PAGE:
Veterans funding not as advertised, opposition MPs say

A $200-million fund to improve mental health care for veterans will actually be spread out over 50 years, and not the six years originally promised by the Conservatives, opposition MPs said Friday.

Conservatives pledged $200M over six years, but will actually take 50 years to spend it all

Prime Minister Stephen Harper shakes hands with members of Soldier-On during a National Day of Honour last May in Ottawa. A $200-million fund to improve mental health care for veterans will be spread out over 50 years, and not the six years originally promised by the Conservatives, opposition MPs say. (Adrian Wyld/Canadian Press)

A $200-million fund to improve mental health care for veterans will actually be spread out over 50 years, and not the six years originally promised by the Conservatives, opposition MPs said Friday.

The NDP and Liberals zeroed in on a report Friday morning that the money announced to help veterans deal with operational stress injuries like post-traumatic stress disorder won't be as targeted as the government first said.

"Conservatives misled the House, they misled the public and misled veterans," said NDP deputy leader Libby Davies.

Veterans Affairs Minister Julian Fantino and Defence Minister Rob Nicholson last Sunday said the government would provide approximately $200 million, plus an additional $16.7 million every year after that to set up new operational stress injury clinics and support established mental health programs.

It was followed by a Monday press conference announcing additional money for veterans' mental health care, which came a day before a devastating report by Auditor General Michael Ferguson that highlighted how long it takes for a veteran to be approved for mental health care.

Ferguson found it takes eight months from when a veteran first starts filling in an application form to be approved for care under the Veterans Affairs disability benefits program. For some, it takes up to several years.

Confusion abounds

A background document about the announcement, given to the Royal Canadian Legion, said $50 million would be provided immediately for mental health initiatives for veterans, Canadian Armed Forces members and their families.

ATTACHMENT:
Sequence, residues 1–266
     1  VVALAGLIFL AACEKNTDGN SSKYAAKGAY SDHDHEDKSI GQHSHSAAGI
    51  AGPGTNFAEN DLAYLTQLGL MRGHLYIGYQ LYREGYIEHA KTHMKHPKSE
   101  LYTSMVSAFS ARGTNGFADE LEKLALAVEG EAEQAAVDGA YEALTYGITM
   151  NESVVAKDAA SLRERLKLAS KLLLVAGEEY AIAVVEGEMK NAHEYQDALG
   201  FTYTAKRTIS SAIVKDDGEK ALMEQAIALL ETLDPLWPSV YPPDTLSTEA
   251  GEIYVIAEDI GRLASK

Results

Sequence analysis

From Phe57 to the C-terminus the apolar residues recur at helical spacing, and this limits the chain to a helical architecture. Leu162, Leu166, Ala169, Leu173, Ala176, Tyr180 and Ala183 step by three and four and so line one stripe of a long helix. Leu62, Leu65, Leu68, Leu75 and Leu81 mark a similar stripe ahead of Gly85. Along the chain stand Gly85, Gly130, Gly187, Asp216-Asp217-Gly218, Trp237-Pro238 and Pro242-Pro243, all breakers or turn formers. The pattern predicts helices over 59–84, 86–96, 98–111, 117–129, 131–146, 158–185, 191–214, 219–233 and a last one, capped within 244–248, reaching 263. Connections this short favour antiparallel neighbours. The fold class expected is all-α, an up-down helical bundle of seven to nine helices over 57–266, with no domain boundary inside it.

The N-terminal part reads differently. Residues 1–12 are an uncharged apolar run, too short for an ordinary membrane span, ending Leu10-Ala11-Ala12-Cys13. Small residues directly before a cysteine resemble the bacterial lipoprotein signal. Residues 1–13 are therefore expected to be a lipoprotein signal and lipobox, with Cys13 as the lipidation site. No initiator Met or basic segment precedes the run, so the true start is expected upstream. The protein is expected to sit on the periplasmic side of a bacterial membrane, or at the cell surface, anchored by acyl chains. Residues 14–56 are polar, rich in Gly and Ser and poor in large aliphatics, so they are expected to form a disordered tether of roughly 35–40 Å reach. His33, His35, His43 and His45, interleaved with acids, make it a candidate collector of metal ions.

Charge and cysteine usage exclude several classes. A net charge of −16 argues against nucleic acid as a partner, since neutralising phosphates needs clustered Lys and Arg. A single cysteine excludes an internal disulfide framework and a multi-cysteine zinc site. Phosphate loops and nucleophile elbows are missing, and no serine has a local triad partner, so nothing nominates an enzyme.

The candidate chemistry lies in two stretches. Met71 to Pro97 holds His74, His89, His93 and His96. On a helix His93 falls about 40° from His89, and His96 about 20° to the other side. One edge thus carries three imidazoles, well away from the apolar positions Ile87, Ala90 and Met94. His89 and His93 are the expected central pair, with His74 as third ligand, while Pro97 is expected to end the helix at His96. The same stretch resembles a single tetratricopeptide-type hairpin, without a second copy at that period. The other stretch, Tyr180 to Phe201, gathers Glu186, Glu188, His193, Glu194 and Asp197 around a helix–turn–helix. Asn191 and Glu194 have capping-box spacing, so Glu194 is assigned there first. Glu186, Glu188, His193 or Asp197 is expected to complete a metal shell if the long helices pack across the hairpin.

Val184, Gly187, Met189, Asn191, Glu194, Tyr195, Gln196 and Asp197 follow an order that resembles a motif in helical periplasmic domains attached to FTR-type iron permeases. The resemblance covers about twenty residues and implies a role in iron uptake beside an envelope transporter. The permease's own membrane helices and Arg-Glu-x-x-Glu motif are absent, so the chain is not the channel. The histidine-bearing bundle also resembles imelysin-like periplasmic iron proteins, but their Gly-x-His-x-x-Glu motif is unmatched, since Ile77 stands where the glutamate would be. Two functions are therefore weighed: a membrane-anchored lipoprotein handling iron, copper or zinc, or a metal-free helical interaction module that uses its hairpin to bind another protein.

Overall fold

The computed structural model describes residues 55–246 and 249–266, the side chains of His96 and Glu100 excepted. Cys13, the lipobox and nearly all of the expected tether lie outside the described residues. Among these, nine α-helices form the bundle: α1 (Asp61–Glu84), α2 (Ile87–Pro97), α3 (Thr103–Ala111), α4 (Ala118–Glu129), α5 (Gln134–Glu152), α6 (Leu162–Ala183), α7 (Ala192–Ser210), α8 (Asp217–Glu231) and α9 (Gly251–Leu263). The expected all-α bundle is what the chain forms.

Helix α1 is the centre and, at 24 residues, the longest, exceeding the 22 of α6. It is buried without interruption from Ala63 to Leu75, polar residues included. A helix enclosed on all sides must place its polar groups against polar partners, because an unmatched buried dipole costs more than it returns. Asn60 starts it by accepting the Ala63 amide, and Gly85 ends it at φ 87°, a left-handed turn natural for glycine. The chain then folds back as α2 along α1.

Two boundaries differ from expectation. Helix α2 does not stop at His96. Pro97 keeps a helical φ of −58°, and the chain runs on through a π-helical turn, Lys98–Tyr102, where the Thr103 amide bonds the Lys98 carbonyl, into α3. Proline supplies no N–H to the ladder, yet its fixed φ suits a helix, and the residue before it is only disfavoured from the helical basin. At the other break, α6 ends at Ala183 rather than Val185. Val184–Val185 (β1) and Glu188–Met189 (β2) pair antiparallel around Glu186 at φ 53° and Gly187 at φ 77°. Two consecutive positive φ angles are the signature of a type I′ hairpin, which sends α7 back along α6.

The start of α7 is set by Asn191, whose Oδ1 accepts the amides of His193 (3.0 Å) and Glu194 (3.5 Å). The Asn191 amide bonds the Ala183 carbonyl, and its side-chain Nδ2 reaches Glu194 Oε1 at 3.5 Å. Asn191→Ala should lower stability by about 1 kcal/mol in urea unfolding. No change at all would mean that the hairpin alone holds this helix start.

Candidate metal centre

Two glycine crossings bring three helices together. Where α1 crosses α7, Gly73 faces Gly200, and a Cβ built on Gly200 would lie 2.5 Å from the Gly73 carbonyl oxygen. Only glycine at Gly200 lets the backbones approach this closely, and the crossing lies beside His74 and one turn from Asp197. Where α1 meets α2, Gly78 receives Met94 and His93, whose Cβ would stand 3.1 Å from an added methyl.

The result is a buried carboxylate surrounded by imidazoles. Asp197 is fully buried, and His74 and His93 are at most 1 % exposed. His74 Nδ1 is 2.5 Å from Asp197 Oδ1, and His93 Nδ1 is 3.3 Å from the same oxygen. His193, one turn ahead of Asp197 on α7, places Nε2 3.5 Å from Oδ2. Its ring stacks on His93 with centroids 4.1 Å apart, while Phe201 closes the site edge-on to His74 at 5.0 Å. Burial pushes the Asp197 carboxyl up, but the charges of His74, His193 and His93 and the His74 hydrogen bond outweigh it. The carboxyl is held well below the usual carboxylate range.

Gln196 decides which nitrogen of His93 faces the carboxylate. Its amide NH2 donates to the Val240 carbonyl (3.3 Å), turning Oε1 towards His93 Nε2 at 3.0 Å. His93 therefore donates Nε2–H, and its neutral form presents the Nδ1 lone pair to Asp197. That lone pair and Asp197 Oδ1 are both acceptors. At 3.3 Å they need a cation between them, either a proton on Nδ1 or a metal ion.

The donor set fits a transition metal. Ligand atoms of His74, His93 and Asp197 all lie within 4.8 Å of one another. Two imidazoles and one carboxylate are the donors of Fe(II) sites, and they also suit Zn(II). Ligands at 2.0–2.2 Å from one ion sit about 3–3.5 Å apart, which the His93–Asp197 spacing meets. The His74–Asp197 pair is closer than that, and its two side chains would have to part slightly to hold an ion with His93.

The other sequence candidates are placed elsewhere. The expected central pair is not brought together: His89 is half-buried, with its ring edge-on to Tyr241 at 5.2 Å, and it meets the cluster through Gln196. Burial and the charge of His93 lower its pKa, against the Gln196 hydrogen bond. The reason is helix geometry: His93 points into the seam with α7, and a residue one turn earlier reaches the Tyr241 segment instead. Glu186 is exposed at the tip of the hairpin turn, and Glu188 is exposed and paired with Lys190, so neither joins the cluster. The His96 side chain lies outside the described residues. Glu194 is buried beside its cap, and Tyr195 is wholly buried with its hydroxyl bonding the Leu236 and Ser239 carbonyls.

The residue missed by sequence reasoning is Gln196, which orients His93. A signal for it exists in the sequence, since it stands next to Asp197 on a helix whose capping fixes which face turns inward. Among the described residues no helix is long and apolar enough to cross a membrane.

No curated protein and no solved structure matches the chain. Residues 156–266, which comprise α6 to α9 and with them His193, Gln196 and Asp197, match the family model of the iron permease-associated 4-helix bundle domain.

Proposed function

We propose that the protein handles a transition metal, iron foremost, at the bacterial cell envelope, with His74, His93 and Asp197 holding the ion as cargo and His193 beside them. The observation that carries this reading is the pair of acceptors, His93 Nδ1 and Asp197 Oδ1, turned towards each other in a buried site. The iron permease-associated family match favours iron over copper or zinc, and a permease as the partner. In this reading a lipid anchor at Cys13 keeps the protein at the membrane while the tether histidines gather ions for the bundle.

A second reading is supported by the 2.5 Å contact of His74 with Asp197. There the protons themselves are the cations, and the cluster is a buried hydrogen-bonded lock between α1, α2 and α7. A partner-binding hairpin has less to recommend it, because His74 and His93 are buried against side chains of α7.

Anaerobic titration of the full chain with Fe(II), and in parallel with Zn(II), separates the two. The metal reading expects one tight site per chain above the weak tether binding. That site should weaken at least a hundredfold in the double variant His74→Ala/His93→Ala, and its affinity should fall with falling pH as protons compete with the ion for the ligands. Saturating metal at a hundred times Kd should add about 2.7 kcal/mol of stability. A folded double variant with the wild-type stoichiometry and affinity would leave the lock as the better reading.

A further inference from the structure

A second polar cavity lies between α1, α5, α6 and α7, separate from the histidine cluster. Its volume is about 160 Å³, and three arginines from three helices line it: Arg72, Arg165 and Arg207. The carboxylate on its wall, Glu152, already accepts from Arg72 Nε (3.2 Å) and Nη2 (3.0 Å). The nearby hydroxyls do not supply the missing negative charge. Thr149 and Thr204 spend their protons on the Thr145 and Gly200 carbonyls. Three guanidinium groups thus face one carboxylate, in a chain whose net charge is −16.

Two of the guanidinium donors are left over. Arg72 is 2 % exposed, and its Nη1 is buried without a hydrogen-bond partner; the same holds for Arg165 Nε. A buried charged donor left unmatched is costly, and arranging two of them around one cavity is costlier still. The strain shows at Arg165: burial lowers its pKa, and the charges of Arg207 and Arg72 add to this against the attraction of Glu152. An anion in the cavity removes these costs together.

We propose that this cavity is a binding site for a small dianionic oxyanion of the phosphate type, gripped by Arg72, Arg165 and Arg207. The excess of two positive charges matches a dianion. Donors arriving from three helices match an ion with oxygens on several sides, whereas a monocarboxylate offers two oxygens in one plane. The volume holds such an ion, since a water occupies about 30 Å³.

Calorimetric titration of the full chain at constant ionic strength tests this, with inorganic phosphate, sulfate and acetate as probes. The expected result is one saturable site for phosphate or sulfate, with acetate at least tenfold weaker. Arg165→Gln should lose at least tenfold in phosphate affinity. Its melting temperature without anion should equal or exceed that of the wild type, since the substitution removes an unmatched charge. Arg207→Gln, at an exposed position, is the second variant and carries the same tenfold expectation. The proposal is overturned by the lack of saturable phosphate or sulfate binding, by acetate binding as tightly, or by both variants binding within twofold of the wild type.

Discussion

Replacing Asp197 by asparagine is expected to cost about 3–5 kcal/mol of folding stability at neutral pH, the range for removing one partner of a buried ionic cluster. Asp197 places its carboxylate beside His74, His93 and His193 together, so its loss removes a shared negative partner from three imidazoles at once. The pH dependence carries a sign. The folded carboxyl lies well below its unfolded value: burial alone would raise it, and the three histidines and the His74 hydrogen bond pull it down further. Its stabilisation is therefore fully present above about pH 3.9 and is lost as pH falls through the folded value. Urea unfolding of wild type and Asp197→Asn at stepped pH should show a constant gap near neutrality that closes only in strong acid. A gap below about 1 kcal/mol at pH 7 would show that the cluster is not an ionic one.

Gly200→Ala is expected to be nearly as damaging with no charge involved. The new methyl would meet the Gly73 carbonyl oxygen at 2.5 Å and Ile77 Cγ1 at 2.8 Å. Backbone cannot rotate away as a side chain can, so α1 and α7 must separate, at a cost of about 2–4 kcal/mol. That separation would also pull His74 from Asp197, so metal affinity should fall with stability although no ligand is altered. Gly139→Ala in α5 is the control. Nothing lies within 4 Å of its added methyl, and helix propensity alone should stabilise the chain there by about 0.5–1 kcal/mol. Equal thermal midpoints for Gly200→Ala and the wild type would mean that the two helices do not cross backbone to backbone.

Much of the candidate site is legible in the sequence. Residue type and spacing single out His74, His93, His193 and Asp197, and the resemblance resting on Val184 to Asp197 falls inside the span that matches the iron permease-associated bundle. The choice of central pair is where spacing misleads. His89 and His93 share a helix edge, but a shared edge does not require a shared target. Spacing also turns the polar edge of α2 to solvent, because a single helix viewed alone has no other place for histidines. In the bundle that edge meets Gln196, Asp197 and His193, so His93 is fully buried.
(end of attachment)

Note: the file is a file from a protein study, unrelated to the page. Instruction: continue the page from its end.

But another background document released to the media says there will be "an immediate investment of $19.1 million" out of a total $159.2 million for a new operational stress injury clinic, with the remaining money given out over the life of the program. The life of the program isn't specified, but the Globe and Mail reported that it's expected to be 50 years.

Even Prime Minister Stephen Harper seemed confused about the amount of the funding.

Asked Monday about the $200 million in funding, Harper said, "Actually I think the announcement was significantly larger than that. I think it was about a billion dollars."

In an interview with CBC News, Conservative MP Erin O'Toole said he prefers to talk about whether the government is meeting the needs of veterans instead of the dollar figures.

But he suggested the announcement could have been better communicated in the news release and background documents supplied to journalists and stakeholders.

"I think we need to tighten up the language to explain exactly how the government spends its money. But this is actually how the auditor general, several auditors general, have said we have to announce money," said O'Toole, who served in the military.

Fantino in Italy

The issue dominated question period Friday.

"We know the government is ashamed of this paltry $200 million over 50 years attempt to mislead the veterans. Why else would the website announcing the program have disappeared from the internet?" Liberal MP John McCallum said.

Parm Gill, parliamentary secretary to the minister of veterans affairs, said the money will go to eight new clinics, bringing the total number to 25.

"We're obviously putting more operational stress injury clinics right across this country, Mr. Speaker. More health-care professionals, Mr. Speaker. More places for veterans and still-serving members to get help, Mr. Speaker. We're expanding the treatments right across this country," he said.

Gill didn't say how much money the government would spend, even though he answered questions about the funding multiple times. He told reporters on the way into the House that they'd have to ask the experts about the specific dollar amount.

The opposition MPs pointed out Fantino hasn't been in the House this week. Fantino left for Italy the day the auditor general's report was released.

He's in Italy to mark the 70th anniversary of the Italian campaign, in which nearly 6,000 Canadians died during the Second World War. A news release sent a few days before the report was released, however, had indicated he wouldn't be on the trip to Italy.


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